As the majority of solicitors’ firms in England & Wales prepare to renew their professional indemnity insurance on 1 October 2023, minds will be turning to the notification obligations which arise in respect of circum-stances which may give rise to claims. However, the issue is more extensive than may appear, and we have acted for many firms in coverage is-sues over the years where things have slipped through the net either accidentally, or due to failure to understand what is required.

First, it is important to emphasise that the starting point is the wording of the current policy or policies, and the proposal form for renewal.

There are several reasons to notify circumstances to your current insurer and to do so promptly, not least because you may be obliged to do so un-der the policy, and failure to do so may have a number of consequences which in broad terms include the following –

  • If a claim which arises out of those circumstances is made after the policy expires, it will be treated as falling within the policy period in which the circumstances were notified;
  • Failure to notify may result in a future insurer, obliged to deal with the claim under the Solicitors Regulation Authority (SRA) Minimum Terms and Conditions of Professional Indemnity Insurance (MTC), claiming that it has been prejudiced by failure to notify circumstances to the prior insurer and seeking reimbursement of its outlay from individuals responsible, or in some circumstances, the firm;
  • A future insurer may also claim an additional premium or apply a larger excess in some circumstances;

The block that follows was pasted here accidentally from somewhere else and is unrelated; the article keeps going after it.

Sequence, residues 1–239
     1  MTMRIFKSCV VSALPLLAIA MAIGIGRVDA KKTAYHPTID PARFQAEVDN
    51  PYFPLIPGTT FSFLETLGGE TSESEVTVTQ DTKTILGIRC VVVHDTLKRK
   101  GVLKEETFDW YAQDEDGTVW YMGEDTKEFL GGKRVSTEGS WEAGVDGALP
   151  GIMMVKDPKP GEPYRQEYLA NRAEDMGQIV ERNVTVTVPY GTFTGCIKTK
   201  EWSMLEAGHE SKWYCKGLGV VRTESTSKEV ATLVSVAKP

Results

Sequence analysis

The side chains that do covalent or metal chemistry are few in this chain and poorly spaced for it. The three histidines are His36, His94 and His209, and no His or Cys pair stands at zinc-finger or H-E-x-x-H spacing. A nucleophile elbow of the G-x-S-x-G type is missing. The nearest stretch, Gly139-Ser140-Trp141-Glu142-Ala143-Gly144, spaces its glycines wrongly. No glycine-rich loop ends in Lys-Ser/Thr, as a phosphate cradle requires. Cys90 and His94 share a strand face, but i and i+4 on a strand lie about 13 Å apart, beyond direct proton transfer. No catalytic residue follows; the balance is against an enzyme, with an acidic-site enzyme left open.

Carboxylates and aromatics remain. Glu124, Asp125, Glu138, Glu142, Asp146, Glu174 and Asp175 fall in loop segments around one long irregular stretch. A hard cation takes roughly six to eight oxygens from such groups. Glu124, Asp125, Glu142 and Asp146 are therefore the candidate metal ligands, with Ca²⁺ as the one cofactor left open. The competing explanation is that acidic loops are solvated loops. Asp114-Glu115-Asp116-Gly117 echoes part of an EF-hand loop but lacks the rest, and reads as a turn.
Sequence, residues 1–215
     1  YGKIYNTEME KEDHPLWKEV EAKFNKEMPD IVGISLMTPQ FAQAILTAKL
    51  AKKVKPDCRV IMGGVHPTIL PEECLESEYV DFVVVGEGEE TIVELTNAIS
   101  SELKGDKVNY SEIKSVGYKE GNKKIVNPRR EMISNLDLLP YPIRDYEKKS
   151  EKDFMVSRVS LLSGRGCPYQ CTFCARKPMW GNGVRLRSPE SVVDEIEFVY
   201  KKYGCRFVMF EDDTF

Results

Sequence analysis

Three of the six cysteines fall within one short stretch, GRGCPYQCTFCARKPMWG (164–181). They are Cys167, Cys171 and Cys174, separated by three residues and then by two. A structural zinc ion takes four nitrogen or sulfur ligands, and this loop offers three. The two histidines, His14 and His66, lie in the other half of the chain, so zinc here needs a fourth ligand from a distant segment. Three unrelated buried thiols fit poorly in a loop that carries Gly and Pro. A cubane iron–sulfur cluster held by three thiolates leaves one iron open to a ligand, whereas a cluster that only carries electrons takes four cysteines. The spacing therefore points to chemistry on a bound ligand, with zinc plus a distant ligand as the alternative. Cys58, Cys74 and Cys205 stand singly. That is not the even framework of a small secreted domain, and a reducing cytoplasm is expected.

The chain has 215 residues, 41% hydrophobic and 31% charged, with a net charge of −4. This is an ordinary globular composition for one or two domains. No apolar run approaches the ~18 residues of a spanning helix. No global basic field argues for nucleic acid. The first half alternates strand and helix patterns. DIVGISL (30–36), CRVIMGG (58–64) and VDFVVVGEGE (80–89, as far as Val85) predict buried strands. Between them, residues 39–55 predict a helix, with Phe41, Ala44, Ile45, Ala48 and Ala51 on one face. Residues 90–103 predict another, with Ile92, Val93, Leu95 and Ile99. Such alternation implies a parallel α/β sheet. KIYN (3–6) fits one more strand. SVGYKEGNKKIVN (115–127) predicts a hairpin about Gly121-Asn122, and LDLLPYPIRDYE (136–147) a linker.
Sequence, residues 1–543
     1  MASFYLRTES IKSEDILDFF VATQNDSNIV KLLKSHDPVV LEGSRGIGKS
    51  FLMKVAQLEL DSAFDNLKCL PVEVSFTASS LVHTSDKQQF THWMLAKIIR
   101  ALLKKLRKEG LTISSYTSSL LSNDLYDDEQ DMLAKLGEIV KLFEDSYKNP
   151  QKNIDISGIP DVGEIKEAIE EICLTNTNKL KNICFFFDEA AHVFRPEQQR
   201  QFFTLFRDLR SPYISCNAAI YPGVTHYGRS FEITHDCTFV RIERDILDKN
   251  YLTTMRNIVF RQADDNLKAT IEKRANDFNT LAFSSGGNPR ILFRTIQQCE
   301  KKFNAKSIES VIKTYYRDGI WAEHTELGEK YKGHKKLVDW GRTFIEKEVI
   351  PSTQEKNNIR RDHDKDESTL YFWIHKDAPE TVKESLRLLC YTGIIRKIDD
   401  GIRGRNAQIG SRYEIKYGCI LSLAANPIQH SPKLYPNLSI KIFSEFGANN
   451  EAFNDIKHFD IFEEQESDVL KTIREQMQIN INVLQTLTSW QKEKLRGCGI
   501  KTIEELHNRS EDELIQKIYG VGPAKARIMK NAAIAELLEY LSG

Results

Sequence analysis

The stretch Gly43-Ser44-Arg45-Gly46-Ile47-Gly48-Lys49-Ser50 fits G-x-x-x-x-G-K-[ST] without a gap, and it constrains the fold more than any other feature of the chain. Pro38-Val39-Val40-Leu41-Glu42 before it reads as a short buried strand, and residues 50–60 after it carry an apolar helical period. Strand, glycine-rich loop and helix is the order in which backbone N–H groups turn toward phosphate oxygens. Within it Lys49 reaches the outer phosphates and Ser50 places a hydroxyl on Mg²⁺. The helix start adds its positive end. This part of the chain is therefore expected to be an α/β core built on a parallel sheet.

• Failure to notify circumstances may also result in future excess layer insurers, whose policies are not subject to the MTC, declining cover; and
  • A late notification dispute with insurers may make it harder to obtain cover in future.

What constitutes a circumstance requiring notification to your current insurers? The policy wording is critical, but primary policies will generally follow the definition in the SRA Glossary, which provides that it ‘means an incident, occurrence, fact, matter, act or omission which may give rise to a claim in respect of civil liability’.

‘Claim’ is also a defined term. Again it is necessary to look at the policy, but the primary policy will in broad terms follow the SRA Glossary, which provides that it ‘means a demand for, or an assertion of a right to, civil compensation or civil damages or an intimation of an intention to seek such compensation or damages. For these purposes, an obligation on an insured firm and/or any insured to remedy a breach of the SRA Accounts Rules, or any rules which replace them in whole or in part, shall be treated as a claim…’

The cover for Accounts Rules breaches is potentially a valuable additional protection under the MTC; we say potentially, because it has historically caused its fair share of coverage disputes with insurers, though these may be fewer following the recent case of Royal and Sun Alliance Insurance Ltd [2023] EWCA Civ 999.